Ramanan suggested to me that this is old news. If it is I missed it the first time. At any rate the Department of Justice is prosecuting banks now for rigging the foreign exchange markets.

Baumol's disease Prize?

So Monday they'll announce the Sveriges Riksbank Prize (aka Nobel). Both The Guardian and Tyler Cowen at Marginal Revolution Blog bet on William J. Baumol, who was nominated for his work on entrepreneurism. Baumol would be a worthy winner for the 'Nobel.' But that's not his best work, in my view, since it relies on the same mainstream flawed supply-side stories to explain economic growth. But Baumol's Disease is an important insight, and one of the few regularities in economics treated like a scientific law and named after the economist that observed it, together with Okun's Law, Thirwall's Law, the Prebisch-Singer Effect, the Balassa-Samuelson Effect, and Kaldor-Verdoorn's Law.

PS: Baumol's contributions are extensive, from money demand, to history of ideas (including this paper on Say's Law, which is named after an economist, but is not a regularity and it's not really a law), to the analysis of productivity, including work with Marxist a…

CIGI Senior Fellow Miranda Xafa on State of The Eurozone

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Centre for International Governance Innovation Senior Fellow Miranda Xafa comments on the "State of the Eurozone" discussions which took place on October 6th, 2014 at the the German Marshall Fund of the United States in Washington, D.C. Xafa notes that the recent ECB announcement on asset purchases and the likelihood of a relatively successful forthcoming banking union may help to reduce Euro fragmentation and possibly ease credit issues. She cautions, nevertheless, that such structural reforms alone will not be enough to get the Eurozone out of its current long-run low-growth equilibrium.

New Book By Eric Helleiner - Forgotten Foundations of Bretton Woods, Int. Dev. & Making of Postwar Order

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Professor Helleiner is an astounding international political economist and economic historian. His archival research is impressive, and his explications and understandings of international finance are not only lucid and prolific, but extensively articulate & eloquent. His new book on Bretton Woods, like many of his other works, is certainly a tour de force.
Eric Helleiner's new book provides a powerful corrective to conventional accounts of the negotiations at Bretton Woods, New Hampshire, in 1944. These negotiations resulted in the creation of the International Monetary Fund and the World Bank—the key international financial institutions of the postwar global economic order. Critics of Bretton Woods have argued that its architects devoted little attention to international development issues or the concerns of poorer countries. On the basis of extensive historical research and access to new archival sources, Helleiner challenges these assumptions, providing a major reinterpre…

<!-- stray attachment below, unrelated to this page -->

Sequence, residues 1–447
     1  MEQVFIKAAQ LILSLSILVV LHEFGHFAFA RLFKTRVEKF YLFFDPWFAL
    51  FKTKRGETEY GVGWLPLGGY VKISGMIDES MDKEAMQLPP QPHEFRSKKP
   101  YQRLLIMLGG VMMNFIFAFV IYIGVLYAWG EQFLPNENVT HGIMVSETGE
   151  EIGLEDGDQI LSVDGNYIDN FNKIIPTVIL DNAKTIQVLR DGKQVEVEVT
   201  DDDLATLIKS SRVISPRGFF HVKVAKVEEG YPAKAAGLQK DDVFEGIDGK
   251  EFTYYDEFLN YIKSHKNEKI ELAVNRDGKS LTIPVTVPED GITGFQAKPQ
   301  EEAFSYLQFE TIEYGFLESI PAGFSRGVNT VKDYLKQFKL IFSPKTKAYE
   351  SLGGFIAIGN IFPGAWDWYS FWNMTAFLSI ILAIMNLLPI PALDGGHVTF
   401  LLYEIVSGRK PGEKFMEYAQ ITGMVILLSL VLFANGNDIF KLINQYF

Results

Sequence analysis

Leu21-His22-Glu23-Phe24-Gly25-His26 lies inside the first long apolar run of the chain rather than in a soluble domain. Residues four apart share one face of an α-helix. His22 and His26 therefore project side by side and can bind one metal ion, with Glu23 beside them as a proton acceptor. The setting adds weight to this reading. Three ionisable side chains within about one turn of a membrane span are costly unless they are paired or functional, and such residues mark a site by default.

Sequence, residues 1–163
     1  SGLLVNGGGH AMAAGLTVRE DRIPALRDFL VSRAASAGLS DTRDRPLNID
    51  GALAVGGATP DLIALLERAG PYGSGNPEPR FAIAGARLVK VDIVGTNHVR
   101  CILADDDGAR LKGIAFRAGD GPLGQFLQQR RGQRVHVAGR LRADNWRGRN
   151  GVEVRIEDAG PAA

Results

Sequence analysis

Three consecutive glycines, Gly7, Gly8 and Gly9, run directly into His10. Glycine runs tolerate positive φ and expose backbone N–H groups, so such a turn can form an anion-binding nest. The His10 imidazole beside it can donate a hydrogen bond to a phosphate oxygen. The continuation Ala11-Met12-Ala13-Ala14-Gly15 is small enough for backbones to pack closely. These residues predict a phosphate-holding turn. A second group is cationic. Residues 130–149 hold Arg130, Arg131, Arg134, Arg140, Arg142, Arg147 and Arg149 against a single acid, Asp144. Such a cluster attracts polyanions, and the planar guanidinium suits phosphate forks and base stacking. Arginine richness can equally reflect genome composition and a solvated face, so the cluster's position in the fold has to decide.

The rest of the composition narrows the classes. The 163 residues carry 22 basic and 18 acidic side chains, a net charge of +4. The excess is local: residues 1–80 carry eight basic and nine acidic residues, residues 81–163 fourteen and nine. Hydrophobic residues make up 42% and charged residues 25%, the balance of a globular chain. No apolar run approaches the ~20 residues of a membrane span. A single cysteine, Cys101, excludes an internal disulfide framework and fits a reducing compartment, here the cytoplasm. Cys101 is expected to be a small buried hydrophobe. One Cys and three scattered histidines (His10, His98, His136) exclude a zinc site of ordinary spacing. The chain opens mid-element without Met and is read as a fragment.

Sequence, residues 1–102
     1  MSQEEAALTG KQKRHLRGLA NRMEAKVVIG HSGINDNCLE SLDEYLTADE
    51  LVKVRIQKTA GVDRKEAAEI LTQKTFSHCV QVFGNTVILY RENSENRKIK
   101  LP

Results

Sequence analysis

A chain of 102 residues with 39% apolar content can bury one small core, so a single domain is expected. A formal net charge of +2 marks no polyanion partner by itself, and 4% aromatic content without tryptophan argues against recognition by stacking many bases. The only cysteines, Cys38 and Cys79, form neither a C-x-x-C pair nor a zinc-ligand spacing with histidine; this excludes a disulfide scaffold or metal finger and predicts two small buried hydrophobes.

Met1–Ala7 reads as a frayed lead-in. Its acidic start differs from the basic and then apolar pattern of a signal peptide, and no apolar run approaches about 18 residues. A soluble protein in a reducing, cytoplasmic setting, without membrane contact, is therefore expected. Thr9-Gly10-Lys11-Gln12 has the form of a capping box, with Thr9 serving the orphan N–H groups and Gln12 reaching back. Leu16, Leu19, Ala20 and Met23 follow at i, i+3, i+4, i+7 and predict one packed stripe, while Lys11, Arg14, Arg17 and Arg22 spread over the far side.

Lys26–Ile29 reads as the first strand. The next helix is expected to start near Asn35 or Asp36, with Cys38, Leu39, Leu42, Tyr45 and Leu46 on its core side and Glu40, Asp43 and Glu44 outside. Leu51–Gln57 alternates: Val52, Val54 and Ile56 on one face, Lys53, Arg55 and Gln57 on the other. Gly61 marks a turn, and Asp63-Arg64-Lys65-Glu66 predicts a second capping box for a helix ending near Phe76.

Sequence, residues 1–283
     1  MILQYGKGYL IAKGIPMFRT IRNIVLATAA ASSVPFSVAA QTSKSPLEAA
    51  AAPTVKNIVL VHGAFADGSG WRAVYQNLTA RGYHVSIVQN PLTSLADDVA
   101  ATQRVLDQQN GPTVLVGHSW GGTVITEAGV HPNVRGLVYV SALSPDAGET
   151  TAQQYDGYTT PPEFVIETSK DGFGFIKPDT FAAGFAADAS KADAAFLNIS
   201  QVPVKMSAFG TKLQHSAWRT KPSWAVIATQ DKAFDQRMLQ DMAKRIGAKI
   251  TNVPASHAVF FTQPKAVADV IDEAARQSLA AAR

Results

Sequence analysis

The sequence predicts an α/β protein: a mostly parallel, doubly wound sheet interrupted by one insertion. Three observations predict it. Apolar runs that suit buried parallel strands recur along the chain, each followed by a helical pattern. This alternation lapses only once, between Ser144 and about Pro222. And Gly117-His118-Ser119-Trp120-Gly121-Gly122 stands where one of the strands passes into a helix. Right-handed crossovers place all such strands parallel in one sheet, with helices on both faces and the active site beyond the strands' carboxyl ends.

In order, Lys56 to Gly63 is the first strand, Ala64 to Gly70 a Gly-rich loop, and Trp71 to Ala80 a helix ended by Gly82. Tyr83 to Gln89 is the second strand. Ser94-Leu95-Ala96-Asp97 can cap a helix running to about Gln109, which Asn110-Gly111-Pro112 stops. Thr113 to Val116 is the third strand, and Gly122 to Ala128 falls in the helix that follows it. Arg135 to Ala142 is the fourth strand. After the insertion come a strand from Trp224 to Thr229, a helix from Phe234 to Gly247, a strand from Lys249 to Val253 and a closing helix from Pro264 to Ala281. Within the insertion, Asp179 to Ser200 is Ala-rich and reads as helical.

Even the IMF thinks Vulture Funds are a problem

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Since I criticized recently the IMF on its timid changes on macroeconomic policy advice, and the persistence of austerity based programs, it is worthwhile noticing that on the question of debt restructuring they have come clearly on the side limiting the power of Vulture Funds. In a new report on Sovereign Debt Restructurings the IMF suggests that:
The recent litigation involving Argentina has generated significant concerns regarding the impact that the New York court decisions may have on the overall restructuring process. In light of these concerns, there has been considerable progress in both the design and use of a modified pari passu clause that explicitly excludes the obligation to pay creditors on a ratable basis. It is recommended that the Fund support the widespread use of such a modified pari passu clause in international sovereign bonds. Note that this might have an impact on future debt renegotiations, but is of little help for Argentina right now. But if the IMF is doin…

Piketty debates Shaikh and Boushey at the New School

Piketty at the New School's Schwartz Center for Economic Policy Analysis (SCEPA). I personally don't agree with Anwar that Piketty is working in the critical tradition that includes Smith, Ricardo, Marx, Keynes and Kalecki (around minute 51). But worth watching in full.

Bill Black: Too Big to Jail

Bill Black author of the fantastically titled The Best Way to Rob a Bank is to Own One on Bill Moyers explains why nobody has been prosecuted in Wall Street after the 2008 crisis.